A tremendous amount of litigious time and energy is spent fighting over opinions of counsel and associated waivers. Formal non-infringement or invalidity opinions are usually designed for litigation -- their sole purpose to reduce that a defendant will be held liable for treble damages. The formal opinions are -- as you might expect -- stiff and formal. The good ones are exceedingly thorough and cover all the legal bases. Yet, formal opinions often fall far short of honestly answering the important question: "What are my chances of winning if I'm sued on this patent?" That question is much more nuanced.
Opinions of counsel are protected as attorney work product and usually attorney-client privilege as well. When the opinion is presented to court, those protections are waived. Many courts extend the scope of the waiver to include any related opinions (whether formal or informal) provided to the client. This waiver has, on occasion, been extended to litigation counsel even when an outside firm provided the formal opinion.
The logic behind the broad waiver may help avoid nefarious behavior: A potential defendant would like to obtain several separate opinions, then only produce the 'best' one. Such a scenario would hardly comport with the 'reasonable reliance' standard. In addition, a broad wavier helps the patentee's counsel ensure that any opinion is based on a solid background rather than potentially faulty information. (sword vs. shield)
One reason why waiver issues are fought so fiercely is that court outcomes are all-over-the-map. Some courts grant broad waivers while others are quite narrow.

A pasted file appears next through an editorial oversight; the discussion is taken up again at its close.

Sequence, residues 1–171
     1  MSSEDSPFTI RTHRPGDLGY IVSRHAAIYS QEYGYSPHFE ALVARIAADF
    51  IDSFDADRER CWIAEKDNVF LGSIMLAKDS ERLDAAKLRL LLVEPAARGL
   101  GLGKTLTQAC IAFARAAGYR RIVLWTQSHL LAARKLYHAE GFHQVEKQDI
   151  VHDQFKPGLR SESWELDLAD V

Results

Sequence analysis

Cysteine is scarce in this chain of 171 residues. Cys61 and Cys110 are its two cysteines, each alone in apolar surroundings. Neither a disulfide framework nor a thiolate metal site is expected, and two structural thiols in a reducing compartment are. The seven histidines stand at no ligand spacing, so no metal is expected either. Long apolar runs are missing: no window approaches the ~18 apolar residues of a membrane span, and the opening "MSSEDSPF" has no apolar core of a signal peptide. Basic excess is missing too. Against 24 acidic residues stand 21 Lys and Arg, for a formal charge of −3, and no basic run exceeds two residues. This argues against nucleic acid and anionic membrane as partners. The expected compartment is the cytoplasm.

In Seagate, the lower court granted a broad waiver to include otherwise privileged communication between the defendant and its trial counsel "even if it is communicated in the context of trial preparation." The waiver was also extended to include in-house counsel's internal discussions with business executives. The Court of Appeals for the Federal Circuit, acting sua sponte, has requested an en banc hearing to determine the scope of opinion waivers.
In its opening brief, Seagate takes the position that "opinion and trial counsel have entirely different roles," and those roles require that the waiver be limited to opinion counsel. Seagate also focuses on the result -- that litigation attorneys will stop talking with their clients, resulting in worse legal representation. Clear rules will also "foster predictability."
I agree that this case is very important for patent litigants, but the interesting aspect involves the interplay between general practice and boutique firms. (More to come on this).